|Targeted News Service|
HANSCOM AIR FORCE BASE, Mass.,
Numerous regional cyber leaders convened at
Organized by the
ACSC Executive Director
Toward that end, two Hanscom senior leaders, Director of Engineering and Technical Management
Stamey discussed the edge Hanscom program specialists bring to U.S. warfighters: a full spectrum of command and control that harnesses space, air, terrestrial and cyber assets.
"However, that asymmetric capability is probably also our top vulnerability," he said, noting that protecting the various systems and the data they produce is a constant challenge. But protection efforts aren't sufficient against the most advanced and persistent threats, he said. The
Protecting systems and data - either by shielding them from attack or enabling them to rapidly reconstitute - doesn't necessarily mean keeping everything in a locked room nearby though. Forum discussion centered, in fact, on analyzing whether and when it makes sense to store data in "clouds," huge, remotely managed data centers with great capacity and built-in security.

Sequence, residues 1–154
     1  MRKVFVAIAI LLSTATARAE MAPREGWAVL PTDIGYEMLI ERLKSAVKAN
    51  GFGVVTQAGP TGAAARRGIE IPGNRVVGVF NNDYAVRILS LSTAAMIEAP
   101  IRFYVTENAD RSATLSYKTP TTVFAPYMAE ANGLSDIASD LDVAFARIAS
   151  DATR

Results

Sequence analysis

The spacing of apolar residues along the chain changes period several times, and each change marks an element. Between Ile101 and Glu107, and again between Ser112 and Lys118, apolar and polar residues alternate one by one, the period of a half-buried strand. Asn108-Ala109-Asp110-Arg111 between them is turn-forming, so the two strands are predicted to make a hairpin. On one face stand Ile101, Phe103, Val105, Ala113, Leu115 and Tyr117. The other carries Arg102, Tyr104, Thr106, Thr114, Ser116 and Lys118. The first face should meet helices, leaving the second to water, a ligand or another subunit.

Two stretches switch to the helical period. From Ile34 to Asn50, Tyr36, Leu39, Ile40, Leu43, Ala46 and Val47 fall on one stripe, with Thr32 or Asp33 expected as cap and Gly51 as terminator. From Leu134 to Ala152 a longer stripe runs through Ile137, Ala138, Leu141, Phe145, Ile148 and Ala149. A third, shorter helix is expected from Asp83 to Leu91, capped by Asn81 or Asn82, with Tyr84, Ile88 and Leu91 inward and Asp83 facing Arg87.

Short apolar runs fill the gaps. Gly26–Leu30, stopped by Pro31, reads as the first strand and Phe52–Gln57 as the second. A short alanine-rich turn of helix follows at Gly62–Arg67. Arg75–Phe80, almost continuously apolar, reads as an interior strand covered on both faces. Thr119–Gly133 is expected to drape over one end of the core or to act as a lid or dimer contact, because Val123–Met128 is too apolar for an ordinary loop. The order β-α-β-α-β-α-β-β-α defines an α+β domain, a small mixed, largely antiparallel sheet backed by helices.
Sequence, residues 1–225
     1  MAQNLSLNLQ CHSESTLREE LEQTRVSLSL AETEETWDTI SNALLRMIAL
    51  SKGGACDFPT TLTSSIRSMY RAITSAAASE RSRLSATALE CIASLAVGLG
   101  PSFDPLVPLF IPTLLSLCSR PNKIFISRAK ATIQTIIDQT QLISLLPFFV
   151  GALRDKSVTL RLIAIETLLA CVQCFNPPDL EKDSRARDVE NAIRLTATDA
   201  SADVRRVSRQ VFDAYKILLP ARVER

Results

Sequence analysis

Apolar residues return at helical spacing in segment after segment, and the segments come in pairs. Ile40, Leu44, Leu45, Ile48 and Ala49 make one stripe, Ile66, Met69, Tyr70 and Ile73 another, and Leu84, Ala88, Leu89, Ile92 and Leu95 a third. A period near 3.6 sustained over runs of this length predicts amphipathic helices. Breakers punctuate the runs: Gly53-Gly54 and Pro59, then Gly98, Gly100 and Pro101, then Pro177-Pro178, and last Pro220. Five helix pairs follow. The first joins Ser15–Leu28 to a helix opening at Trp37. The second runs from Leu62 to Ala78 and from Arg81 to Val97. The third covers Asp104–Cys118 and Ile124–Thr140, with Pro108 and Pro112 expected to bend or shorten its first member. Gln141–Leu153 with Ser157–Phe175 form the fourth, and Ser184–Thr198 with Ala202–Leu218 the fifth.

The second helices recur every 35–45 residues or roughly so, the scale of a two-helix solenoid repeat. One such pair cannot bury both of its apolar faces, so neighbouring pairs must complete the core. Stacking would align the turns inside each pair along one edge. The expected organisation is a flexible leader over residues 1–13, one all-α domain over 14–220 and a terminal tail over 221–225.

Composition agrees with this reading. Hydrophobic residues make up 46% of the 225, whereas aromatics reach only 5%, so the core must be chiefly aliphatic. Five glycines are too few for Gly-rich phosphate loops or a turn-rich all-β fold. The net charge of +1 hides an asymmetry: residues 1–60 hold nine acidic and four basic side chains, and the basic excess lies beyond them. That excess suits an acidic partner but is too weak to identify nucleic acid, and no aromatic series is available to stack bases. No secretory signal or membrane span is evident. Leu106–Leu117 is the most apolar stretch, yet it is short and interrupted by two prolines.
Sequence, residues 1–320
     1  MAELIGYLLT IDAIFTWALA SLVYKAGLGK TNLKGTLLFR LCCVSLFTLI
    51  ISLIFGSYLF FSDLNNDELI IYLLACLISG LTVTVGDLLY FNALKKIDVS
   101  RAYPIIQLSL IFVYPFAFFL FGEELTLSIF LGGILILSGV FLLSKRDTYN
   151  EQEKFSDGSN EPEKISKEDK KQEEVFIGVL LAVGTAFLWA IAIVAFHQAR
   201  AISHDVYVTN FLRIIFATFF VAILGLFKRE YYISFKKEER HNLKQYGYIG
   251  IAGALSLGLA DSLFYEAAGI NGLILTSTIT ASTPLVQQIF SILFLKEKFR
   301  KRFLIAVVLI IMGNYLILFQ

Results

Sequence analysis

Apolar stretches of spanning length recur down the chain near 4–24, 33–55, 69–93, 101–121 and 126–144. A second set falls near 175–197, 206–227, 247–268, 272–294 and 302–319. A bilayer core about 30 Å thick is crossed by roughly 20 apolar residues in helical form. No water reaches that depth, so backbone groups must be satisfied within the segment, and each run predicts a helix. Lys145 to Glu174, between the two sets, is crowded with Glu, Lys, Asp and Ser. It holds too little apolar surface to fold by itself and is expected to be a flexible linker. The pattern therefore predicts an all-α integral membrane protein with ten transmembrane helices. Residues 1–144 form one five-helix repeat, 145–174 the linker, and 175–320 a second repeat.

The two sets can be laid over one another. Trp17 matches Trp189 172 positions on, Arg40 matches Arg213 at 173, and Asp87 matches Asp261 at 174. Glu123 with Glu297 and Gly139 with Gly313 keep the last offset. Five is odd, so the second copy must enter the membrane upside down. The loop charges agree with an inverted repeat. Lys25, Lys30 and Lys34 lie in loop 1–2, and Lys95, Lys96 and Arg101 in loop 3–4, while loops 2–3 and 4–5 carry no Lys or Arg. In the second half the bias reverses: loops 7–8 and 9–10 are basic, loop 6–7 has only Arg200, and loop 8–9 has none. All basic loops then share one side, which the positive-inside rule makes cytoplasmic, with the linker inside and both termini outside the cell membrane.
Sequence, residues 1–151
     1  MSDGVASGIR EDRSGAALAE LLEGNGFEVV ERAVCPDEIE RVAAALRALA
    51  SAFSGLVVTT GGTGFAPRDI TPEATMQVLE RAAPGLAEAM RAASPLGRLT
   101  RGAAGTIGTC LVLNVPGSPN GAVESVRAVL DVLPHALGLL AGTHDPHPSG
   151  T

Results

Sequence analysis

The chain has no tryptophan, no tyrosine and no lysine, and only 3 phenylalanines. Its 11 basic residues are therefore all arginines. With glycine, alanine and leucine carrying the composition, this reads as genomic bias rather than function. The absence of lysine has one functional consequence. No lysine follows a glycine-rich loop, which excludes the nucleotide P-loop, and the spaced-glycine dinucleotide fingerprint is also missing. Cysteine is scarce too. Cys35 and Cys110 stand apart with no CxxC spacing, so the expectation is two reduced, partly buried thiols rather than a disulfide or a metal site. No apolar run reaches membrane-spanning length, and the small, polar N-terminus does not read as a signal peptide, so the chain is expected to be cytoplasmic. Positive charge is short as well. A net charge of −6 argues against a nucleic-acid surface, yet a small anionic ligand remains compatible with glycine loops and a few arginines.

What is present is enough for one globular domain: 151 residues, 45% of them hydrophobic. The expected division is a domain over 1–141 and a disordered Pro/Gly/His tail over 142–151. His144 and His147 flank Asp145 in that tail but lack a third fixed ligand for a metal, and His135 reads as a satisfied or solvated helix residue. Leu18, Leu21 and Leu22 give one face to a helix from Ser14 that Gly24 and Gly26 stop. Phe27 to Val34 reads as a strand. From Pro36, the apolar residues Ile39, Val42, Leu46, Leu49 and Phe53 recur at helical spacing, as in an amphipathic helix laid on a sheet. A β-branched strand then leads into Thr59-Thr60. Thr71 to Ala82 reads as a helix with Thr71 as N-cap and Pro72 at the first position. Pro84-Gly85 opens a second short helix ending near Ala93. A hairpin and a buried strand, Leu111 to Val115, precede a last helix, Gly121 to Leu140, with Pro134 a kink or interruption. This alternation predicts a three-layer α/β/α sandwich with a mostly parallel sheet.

"I started out anti-cloud," Rudolph said during his presentation. "I wanted to control the network, the computer and storage." Over time, however, he has become a strong cloud proponent, arguing that working within the cloud is far more cost-effective and that it generally offers enhanced security, with control features that reduce spillage and vulnerability to attack.
He spoke about the U.S. government's federal data center consolidation effort, emphasizing that the ultimate goal should be "to get to zero," meaning no reliance on government-operated data centers. For now, however, the federal government will rely on a hybrid model that combines private cloud, public cloud and traditional data centers, he said.
A panel discussion among industry "cloud adopters" revealed similar sentiments, with early skeptics gradually developing increasing trust.
"Three months ago, if you asked me about the cloud, I'd have said 'Hell, no,'" said
Cloud providers themselves were also on hand and were quick to offer assurances.
Third party audit results and the opinion of technical peers are among the things information security managers can use to build confidence in cloud providers, according to